EU SRR Request Overview

Question: A customer asked me for EU Ship Recycling Regulation (SRR) compliance information. I'm not familiar with this requirement. Why does my customer need this information?

Answer: The EU SRR aims to make ship recycling safer and reduce its negative social and environmental impacts. To do so, it establishes rules and requirements for ships flying an EU flag, ships manufactured in the EU, and ships stopping in EU ports. One of these requirements involves maintaining an inventory of hazardous materials (IHM), a document identifying whether the ship contains or is carrying any substances that appear on a specific declarable substance list.

If your customer is asking you for information about the EU SRR, it means that they are either in the business of building EU ships, or they are part of the supply chain indirectly providing materials used to build EU ships. As your customer's supplier, you are also part of this supply chain. Your customer needs this information from you so they can either document the material components of ships they are building, or pass the information along to their supply chain partners.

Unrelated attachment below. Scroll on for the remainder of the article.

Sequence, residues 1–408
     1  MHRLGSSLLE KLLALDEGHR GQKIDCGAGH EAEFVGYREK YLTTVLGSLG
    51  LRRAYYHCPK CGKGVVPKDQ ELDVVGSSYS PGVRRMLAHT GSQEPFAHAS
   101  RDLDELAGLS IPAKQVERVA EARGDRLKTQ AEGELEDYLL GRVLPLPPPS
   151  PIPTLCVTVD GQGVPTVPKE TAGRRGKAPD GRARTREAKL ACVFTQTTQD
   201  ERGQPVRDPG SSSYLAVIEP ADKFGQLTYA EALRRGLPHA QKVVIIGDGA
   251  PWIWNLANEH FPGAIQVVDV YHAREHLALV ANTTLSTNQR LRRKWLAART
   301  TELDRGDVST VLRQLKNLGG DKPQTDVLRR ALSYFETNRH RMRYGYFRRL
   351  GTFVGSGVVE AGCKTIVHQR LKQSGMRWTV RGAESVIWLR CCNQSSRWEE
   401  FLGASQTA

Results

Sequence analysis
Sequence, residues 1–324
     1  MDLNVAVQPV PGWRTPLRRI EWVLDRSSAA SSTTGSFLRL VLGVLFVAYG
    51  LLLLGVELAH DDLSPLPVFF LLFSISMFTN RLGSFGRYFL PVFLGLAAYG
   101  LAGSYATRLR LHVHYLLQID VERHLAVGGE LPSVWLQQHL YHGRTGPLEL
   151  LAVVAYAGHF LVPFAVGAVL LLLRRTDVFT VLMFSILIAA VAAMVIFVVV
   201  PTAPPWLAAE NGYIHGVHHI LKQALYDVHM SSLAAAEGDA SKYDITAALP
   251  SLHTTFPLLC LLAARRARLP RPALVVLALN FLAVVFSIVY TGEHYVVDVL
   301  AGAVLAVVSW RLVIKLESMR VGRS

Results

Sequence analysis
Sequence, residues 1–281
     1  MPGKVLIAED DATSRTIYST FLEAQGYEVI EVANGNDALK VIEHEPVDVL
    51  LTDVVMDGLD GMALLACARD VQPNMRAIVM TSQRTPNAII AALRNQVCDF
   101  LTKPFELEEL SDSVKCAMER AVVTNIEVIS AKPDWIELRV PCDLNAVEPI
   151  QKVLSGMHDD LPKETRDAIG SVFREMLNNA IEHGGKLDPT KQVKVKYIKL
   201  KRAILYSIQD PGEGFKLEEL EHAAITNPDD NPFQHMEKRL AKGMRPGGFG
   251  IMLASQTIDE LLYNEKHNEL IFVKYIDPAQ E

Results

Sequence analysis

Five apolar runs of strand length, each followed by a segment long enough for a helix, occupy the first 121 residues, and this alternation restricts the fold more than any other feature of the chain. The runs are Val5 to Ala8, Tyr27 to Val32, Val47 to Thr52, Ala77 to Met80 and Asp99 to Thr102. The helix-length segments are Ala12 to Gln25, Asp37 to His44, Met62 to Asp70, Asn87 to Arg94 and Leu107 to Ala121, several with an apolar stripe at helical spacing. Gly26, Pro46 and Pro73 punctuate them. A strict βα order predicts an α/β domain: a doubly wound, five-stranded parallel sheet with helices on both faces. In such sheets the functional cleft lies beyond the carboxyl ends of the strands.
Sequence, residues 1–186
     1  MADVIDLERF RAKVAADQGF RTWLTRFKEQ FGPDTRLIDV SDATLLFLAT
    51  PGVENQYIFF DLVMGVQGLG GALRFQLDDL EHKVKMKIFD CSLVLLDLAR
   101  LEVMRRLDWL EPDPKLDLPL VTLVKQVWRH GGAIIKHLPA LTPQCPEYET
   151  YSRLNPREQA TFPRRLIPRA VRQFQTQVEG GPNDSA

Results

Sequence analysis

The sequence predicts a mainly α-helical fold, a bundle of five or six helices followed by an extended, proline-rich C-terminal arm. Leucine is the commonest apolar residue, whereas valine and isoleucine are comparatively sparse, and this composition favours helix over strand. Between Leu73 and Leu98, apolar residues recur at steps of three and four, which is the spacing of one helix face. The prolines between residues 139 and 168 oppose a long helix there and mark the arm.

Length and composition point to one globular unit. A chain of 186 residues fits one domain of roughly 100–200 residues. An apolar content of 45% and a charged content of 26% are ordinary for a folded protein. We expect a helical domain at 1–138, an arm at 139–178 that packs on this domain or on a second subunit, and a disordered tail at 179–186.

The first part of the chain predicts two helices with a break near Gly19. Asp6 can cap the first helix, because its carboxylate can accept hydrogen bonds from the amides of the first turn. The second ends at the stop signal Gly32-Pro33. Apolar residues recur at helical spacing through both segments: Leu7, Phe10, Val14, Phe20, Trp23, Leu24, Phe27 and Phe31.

Your customer should have provided you with a list of parts or products in scope and a declarable substance list. You will need to confirm for your customer whether any of these substances are present in the identified parts/products. You may also need to provide information about substance quantities. Your customer may ask for you to document this information in a standardized format, such as a Supplier Declaration of Compliance (SDOC).

There are also requirements for non-EU ships to carry/provide an IHM that satisfies reporting requirements from the International Maritime Organization (IMO). Ships that meet EU SRR IHM requirements will automatically meet IMO IHM requirements, since the list of EU SRR IHM reportable substances includes all substances on the IMO IHM list.

For more information, see https://ec.europa.eu/environment/topics/waste-and-recycling/ships_en.

This article is current as of 2021-08-03.

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